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stay-at-home dads are safe from hell…i think

Update: Folks, please keep your comments respectful or they will be deleted.  This post is not intended to bash MD or MH and not an invitation to such.

I’ve gotten my share of emails the past couple weeks asking for my thoughts about Stay-at-Home Dads – primarily because of some recent teaching from Pastor Mark Driscoll at Mars Hill Church in Seattle.  I didn’t listen to the entire sermon but did manage to catch a glimpse of the video re: that specific section indicating the stay at home dads would be subject to church discipline. 

I have immense respect for Mark and Grace.  Minhee and I are still feel very grateful that when we were checking out MH about 8 years ago during our transition between churches, they showed much care to our family.  Grace actually prepared food for Minhee and the family for several meals after the birth of our 2nd child.  It wasn’t Korean food but hey, no one’s perfect. We weren’t living in any form of community at that time and so, this was incredibly meaningful to us.  On a side note, Minhee hates it when I write about other pastors.  I’m sorry, honey.  I’m not dissing other pastors but trying to address the issues… Read the rest of this entry »

Filed under: religion,

my quasi-conversation with rob bell…about women

Well, I finally met Rob Bell last night and had an intense conversation with him.  Kind of.  Like indirectly.

He was in Seattle for the Seeds of Compassion event with the Dalai Lama.  I have no problem with that at all.  I would have loved to have been invited to participate but no one called my agent.  Read the rest of this entry »

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stuff, connect, info

one day’s wages | video

My Instagram

The Western Wall in Old City of Jerusalem (aka The Wailing Wall) - from the Second Jewish Temple.

I'm hoping to share a few stories of people that I met (Jewish, Muslims, and Christians) in the Holy Land in the days to come. One of our Palestinian tour guides said to me, "You will leave with more questions...and that's a good thing." He was absolutely right. We want everything so nicely packaged but if we're honest, it's very rare in a broken, complex world...and I can't think of too many things more complex than the situation in Israel and Palestine.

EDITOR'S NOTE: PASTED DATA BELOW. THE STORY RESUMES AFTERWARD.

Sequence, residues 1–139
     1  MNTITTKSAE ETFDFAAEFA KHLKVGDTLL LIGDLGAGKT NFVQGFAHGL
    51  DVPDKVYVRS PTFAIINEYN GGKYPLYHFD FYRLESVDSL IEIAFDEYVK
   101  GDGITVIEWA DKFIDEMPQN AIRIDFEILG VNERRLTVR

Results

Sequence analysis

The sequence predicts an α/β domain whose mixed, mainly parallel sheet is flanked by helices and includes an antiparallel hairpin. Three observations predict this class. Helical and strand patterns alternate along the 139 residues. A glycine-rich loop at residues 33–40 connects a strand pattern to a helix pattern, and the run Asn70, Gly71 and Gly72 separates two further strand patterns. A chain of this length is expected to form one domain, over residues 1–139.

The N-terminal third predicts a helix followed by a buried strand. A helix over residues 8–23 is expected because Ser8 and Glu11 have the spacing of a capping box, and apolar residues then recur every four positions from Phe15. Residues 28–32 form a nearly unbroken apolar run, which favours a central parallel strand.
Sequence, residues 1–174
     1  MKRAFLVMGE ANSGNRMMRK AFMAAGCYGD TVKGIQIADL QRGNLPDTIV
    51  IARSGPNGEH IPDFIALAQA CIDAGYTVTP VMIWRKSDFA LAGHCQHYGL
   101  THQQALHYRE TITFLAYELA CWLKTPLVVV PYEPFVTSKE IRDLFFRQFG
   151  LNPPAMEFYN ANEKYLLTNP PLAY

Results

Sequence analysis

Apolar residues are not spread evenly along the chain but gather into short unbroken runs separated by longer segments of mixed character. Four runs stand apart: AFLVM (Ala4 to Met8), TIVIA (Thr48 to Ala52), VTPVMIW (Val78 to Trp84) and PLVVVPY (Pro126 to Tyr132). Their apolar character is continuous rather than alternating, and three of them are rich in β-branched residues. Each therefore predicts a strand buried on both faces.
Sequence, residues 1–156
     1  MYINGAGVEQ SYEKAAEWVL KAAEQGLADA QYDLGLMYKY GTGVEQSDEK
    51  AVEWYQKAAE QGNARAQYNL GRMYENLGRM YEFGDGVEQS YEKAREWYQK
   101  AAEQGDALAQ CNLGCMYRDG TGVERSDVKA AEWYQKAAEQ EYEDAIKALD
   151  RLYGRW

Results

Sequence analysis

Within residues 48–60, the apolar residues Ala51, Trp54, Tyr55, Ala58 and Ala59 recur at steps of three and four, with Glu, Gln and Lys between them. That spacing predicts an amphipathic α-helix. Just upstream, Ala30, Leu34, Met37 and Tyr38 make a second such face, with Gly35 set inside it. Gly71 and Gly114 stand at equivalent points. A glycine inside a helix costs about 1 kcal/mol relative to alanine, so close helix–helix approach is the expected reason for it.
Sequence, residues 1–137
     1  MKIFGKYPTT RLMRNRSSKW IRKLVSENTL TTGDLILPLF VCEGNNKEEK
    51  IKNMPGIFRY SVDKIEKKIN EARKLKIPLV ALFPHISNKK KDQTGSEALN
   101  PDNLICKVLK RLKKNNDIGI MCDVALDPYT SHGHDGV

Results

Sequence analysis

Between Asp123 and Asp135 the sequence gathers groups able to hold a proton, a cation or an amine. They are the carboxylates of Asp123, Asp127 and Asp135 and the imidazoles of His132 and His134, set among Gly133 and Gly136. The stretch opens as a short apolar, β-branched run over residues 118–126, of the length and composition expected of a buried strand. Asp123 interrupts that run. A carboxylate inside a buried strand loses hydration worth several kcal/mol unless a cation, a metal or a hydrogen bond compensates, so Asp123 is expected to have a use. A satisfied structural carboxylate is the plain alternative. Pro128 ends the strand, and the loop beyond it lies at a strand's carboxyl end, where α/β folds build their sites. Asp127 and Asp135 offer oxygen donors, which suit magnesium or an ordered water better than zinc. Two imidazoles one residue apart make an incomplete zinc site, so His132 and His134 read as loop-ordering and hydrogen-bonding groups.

While I certainly understand and resonate with Israel and its history and its need to protect itself from harm, one can't deny the history and existence of Palestine as well. 
Is peace possible? This was the focus of my trip to the Holy learn more about the conflict and those that are working towards peace. My friend, Scott (and other pastor), Mae (our guide) and I had the privilege of going to a Jewish synagogue this past Friday. We were then hosted by a local rabbi and his family for a Shabbat meal. It was marvelous. Incredible. Illuminating. Delicious. A true honor to be invited to his home with his wife and three children. To pray, learn, share, and ask questions. 
What I loved the most was the story of how Rabbi Daniel and his wife rented a bus to take 15 of their friends to the West Bank ... to see for themselves the impact of the wall and the Israeli policies. Some of their friends had never even entered the West Bank...don't personally know a Palestinian. It's impossible to work towards peace when we don't know anyone from the other side...when we don't understand the other side.

Thank you, Rabbi Daniel. Old Jerusalem. So many stories. So much history. The synagogue in Capernaum (Galilee) where Jesus began his public ministry. He taught with authority... Pray for your pastors and teachers...that they may teach with courage, conviction, humility, and ultimately, directing people to Christ - the Word made flesh.

Speaking of, so excited to be teaching at @Quest Church tomorrow. If you're in the Seattle area, join us. A glimpse of Jordan River where John baptized Jesus. "This is my Son, whom I love; with him I am well pleased." What amazes me most about this event is about...timing and patience. For Christ, it wasn't about "if" but about "when." In a world of supersonic pace,  impatience, quick results, hurry and now and NOW...Jesus waited for the Father's timing. He was patient and faithful. I need to learn that waiting on the Lord in itself isn't apathy but rather an act of faith. The town of Bethlehem and at the site of the cave (aka manger) of the birth of Christ.

One of the highlights was a class of Palestinian Muslims and Christian kids in a local public school singing a Christmas carol for us in Bethlehem...just across the Shepherd's Field. Galilee. Surreal to be at the mountainside where Jesus delivered "The Sermon on the Mount" ... aka The Beatitudes. Walking around praying for Paris, Beirut, Istanbul, Nigeria, Mali, Palestine/Israel... This verse is so particularly important in light of all the violence in the world. "Blessed are the peacemakers for they shall be called the children of God." - Matthew 5:9